Thomas Nast’s (1840-1902) talent for telling news without words centered around his pen. When he did add words, they were witty, to the point, and striking. Once his career as an illustrator began at in the late 1850s, he lived and drew on a constant deadline, first for Frank Leslie’s Illustrated Newspaper when he was a teenager and then for Harper’s Weekly for the majority of his career.
Recognized by presidents and friend to Ulysses S. Grant and Mark Twain, Nast used the power of his pen to persuade, capture, question, and applaud. All of this attention and power began with his love of drawing, which started as a child. Throughout his career as an artist, he included himself in many illustrations and paintings in what we would today refer to as a selfie! Tomorrow, September 26th, Thomas Nast’s 180th birthday, take some time to look at what he could do with a pen by drawing a line!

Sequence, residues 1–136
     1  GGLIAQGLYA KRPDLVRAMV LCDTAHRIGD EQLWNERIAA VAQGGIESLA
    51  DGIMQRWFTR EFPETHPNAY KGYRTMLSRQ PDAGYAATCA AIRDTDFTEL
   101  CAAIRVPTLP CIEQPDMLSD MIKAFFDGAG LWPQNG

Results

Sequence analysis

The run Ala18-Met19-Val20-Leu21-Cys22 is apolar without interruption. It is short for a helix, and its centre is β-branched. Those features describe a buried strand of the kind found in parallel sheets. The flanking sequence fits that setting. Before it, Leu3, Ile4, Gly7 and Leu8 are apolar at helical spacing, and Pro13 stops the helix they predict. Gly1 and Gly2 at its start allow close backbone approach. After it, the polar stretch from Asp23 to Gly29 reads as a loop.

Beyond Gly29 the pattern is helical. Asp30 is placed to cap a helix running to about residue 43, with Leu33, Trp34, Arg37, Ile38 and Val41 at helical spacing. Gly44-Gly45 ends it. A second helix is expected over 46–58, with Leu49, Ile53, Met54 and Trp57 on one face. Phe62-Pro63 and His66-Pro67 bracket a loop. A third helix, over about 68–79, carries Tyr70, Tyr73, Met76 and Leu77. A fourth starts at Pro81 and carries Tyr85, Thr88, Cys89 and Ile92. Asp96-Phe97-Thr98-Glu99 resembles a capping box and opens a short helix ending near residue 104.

Topic: Thomas Nast
Age / Level: Primary, Elementary